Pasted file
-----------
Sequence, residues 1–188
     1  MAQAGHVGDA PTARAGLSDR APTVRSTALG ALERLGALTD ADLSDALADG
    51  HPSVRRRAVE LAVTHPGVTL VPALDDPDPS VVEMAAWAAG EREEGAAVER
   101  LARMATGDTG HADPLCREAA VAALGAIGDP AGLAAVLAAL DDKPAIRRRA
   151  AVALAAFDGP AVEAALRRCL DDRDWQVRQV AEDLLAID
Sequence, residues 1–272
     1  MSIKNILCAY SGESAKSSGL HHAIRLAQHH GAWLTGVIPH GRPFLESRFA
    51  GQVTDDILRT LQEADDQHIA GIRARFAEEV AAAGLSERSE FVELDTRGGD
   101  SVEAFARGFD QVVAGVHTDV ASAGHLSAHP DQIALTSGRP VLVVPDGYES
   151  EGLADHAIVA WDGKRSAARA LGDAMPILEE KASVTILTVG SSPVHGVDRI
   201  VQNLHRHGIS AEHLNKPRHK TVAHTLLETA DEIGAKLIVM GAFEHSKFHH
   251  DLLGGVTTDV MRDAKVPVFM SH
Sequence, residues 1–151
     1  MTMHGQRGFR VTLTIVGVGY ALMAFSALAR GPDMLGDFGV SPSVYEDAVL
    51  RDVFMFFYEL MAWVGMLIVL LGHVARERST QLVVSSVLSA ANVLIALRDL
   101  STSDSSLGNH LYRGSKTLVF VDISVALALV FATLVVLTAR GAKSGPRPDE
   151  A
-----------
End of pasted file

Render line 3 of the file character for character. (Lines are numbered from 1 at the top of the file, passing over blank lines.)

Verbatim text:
    51  HPSVRRRAVE LAVTHPGVTL VPALDDPDPS VVEMAAWAAG EREEGAAVER